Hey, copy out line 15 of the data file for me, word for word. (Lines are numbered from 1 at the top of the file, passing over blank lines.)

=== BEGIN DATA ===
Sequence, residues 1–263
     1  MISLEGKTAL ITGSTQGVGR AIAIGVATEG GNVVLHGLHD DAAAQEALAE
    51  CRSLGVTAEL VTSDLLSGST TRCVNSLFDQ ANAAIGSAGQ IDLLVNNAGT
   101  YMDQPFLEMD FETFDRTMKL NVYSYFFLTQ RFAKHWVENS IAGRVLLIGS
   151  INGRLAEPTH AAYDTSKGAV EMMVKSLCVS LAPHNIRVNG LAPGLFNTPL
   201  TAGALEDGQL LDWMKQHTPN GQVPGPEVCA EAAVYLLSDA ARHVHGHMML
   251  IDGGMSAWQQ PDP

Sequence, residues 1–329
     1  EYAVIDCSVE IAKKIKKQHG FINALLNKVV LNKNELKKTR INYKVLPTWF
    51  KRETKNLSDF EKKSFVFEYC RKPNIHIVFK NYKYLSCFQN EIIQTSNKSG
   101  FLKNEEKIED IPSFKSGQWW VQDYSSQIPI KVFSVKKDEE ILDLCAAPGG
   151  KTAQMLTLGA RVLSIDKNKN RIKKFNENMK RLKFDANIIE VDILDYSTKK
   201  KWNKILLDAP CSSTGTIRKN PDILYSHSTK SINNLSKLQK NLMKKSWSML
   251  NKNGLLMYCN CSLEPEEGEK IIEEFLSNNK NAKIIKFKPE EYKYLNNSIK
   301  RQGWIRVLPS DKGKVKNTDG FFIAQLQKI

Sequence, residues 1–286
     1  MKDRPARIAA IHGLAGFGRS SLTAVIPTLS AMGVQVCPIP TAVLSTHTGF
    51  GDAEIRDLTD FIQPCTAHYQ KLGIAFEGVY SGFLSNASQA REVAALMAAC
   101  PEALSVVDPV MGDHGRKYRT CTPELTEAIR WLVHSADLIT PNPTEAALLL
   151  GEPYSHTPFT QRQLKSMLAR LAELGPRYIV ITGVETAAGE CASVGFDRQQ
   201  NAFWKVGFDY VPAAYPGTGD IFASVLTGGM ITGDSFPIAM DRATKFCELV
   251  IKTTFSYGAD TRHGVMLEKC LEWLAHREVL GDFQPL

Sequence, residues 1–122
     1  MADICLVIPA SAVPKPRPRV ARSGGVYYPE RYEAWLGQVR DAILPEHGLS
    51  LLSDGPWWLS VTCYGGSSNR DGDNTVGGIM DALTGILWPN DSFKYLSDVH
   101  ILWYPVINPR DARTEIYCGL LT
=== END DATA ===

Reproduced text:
   301  RQGWIRVLPS DKGKVKNTDG FFIAQLQKI